Eritrea History, Language and Culture

Eritrea has for thousands of years been home to people of diverse living patterns, religions and traditions. After the South Arabian immigrations in the first millennium BC, Eritrea and much of Tigray were known as the Kingdom of the Habeshat. From the 3rd to the 7th centuries AD, much of the present‑day territory lay within the Axumite Kingdom.

The Italians obtained the port of Massawa in 1885. They were relative latecomers in the ‘Scramble for Africa’, but this was the beginning of an ambitious imperial campaign that sought to create a new Roman Empire in Africa. By 1900 they moved their capital from the steaming coastal lowlands to the salubrious climate enjoyed by the highland settlement of Asmara. The principal aims were to develop the colony with Italian immigrants, to exploit the natural resources and to equip it as a base for further expansion, which they later achieved in Libya, Somalia and Ethiopia.

In the early 20th century, Eritrea became one of the six provinces of Italian East Africa and the capital, Asmara, was the jewel in their imperial crown – a truly modern city with stunning architecture, spacious planning and the most advanced infrastructure, including more traffic lights than Rome. However, Italy’s African dream was shortlived. In 1941, they were expelled from Eritrea by the British, who administered the territory as a protectorate for a decade.

In 1952 the UN decided that Eritrea should become part of a federated Ethiopia, but this arrangement only last a decade. Ethiopia’s annexation of Eritrea in 1962 sparked a war for independence that lasted until 1991 and ended with Eritrea’s independence. A referendum over the future status of the country was held and 99.8 per cent registered in favour of independence.

The EPLF inaugurated a four-year transition period leading to a pluralistic political system and the establishment of the basic infrastructure of government. Isaias Afewerki became the President of Eritrea, and, in 1994, the EPLF reconstituted itself as the People’s Front for Democracy and Justice (PFDJ). Eritrea entered into costly wars with both Yemen and Djibouti, but by far the most serious damage to stability and prosperity was the catastrophic breakdown in relations with neighbouring Ethiopia.

Fighting broke out between the two countries in 1998 over land disputes; Ethiopia was also unhappy with Eritrea’s introduction of its own currency (the Nakfa). The UN brokered a settlement in 2000, and the UN peacekeeping Mission in Eritrea and Ethiopia (UNMEE) was installed. In 2002 the Permanent Court of Arbitration in The Hague agreed upon a “final and binding” verdict that awarded the contested territory to Eritrea. Ethiopia rejected the verdict and the border issue remains unresolved with the consequent ‘no war, no peace’ scenario that has devastated so many lives throughout the region.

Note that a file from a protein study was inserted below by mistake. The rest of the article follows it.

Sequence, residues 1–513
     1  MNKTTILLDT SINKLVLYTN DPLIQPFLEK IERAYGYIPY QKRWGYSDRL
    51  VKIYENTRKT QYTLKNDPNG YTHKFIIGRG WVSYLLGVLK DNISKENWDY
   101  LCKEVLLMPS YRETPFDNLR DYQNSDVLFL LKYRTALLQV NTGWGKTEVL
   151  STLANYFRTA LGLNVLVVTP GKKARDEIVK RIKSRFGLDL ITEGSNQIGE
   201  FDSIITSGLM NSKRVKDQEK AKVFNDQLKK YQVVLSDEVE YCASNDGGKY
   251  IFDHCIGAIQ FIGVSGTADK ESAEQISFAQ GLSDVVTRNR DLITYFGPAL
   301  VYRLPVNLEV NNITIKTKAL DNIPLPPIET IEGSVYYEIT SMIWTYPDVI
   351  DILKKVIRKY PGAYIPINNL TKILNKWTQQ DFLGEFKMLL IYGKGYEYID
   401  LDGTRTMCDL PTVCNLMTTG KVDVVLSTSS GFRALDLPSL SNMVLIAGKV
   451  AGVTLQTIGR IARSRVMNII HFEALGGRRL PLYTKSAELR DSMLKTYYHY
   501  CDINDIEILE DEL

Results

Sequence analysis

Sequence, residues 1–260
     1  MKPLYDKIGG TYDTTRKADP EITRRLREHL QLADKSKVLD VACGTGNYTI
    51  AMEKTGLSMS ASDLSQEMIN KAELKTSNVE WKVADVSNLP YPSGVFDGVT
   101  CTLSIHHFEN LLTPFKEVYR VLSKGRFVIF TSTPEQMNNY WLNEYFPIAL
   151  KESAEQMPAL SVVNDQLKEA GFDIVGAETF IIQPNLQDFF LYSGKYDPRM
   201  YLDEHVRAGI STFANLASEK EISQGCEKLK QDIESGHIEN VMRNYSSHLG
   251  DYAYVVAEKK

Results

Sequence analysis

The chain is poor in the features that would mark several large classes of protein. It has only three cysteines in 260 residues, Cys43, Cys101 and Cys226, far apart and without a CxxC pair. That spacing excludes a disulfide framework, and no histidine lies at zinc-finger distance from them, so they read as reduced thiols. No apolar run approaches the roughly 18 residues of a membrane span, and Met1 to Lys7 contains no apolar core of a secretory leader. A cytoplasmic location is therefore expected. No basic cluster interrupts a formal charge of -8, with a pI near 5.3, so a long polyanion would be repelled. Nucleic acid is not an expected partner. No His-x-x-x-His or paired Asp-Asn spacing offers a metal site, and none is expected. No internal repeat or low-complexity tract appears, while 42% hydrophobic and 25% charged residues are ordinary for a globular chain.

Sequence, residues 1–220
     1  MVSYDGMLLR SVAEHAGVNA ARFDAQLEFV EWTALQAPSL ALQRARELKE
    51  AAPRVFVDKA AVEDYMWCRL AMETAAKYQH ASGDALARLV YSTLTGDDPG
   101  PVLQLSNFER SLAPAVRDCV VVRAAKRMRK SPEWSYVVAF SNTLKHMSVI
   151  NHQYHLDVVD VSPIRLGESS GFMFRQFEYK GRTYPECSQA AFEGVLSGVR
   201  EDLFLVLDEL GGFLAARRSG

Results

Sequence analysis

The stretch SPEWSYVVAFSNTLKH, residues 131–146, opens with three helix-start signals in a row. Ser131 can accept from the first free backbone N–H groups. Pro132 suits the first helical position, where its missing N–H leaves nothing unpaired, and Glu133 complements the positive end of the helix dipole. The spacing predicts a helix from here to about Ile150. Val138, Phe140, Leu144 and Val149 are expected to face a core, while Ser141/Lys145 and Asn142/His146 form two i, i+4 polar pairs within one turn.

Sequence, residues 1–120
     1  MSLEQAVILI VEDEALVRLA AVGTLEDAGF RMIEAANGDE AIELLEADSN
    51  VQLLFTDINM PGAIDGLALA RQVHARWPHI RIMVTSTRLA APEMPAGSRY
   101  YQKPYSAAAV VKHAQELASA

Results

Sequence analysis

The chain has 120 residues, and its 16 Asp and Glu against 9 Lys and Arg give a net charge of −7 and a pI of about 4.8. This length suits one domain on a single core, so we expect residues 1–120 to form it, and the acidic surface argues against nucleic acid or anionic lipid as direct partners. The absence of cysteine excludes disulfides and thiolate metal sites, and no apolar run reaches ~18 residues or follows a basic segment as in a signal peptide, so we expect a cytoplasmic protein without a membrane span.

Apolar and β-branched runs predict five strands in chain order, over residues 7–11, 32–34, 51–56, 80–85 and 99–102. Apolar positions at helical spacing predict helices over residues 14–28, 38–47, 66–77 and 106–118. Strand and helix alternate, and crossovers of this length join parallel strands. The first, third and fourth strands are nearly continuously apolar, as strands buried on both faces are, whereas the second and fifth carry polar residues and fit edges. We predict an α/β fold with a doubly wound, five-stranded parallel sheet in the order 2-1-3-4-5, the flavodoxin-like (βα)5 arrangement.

Eritrea Culture


Eritrea’s religious community is divided in two almost equal portions of Orthodox Christians and Muslims. There are some Catholics, Protestants and Jews in the highlands, especially in Asmara, and some animists in the western lowland regions.


Language in Eritrea

Tigrinya, Tigre, Arabic and English are spoken. English is rapidly becoming the language of business and education.

Language phrases:

Hello = Selam
Goodbye = Selamat / Dehaan waal
How are you? = Kemayla ha? (male) /-hee (female) /-hoom (male or mixed plural) /-hen (female plural)
Good morning = Dehaan haudir ka /-kee /-koom /-ken
Good afternoon = Kemay wyl ka /-kee /-koom /-ken
Goodnight = Dehann hd er /-ee /-oo /-a
Good evening (parting) = Dehaun ams ee /-i /-oo /-a
Good evening (greeting) = Kemay amsee ha /-hee /-hoom /-hen
Where are you from? = Kabey ig aa /-ee /-oom /-en metsi ka /-kee /-koom /-ken?
Where are you going? = Nabay tygey id /-ee /-oo /-a?
Thank you = Yekanyelay
Please (rarely used) = Beja ha /-hee /-hoom /-hen
Yes = Uwa / uway
No = Aylonen
Good = Tsebuk / tsebo
OK = Dehaun
Bad = Hmak
Good (more positive than tsebuk) = Tsebo alo
What is your name? = Men shem ka /-kee /-koom /-ken?
Do you understand? = Teredioo-ka /-kee /-koom /-ken?
I understand = Terediuni
I don’t understand = Ayeteredanen
What is this? = Izi entai iyu?
No problem = Sheguryelen
Help me = Hagezaynee
Show me = Ahreyene
Give me = Habenee
I want = Deleeay
There is = Alo
Wait a minute = Haansab tshanee
Enough = Backa
The same = Kooloohaade
I know = Felete
I don’t know = Ayefelton
Beautiful day = Tsebo maalti
Not here = Abzi yelen
No more = Yelen
One = Haade
Two = Kilte
Three = Seleste
Four = Arboate
Five = Hamushte
Six = Shuduste
Seven = Shuate
Eight = Shomonte
Nine = Teshuate
Ten = Aserte
Eleven = Aserte haade
Twelve Aserte kilte etc
Twenty = Esra
Thirty = Salasa
Forty = Arba
Fifty = Hamsa
Sixty = Susa
Seventy = Seba
Eighty = Semanya
Ninety = Tesa
One hundred = Miti
One thousand = Sheh



Written by PH

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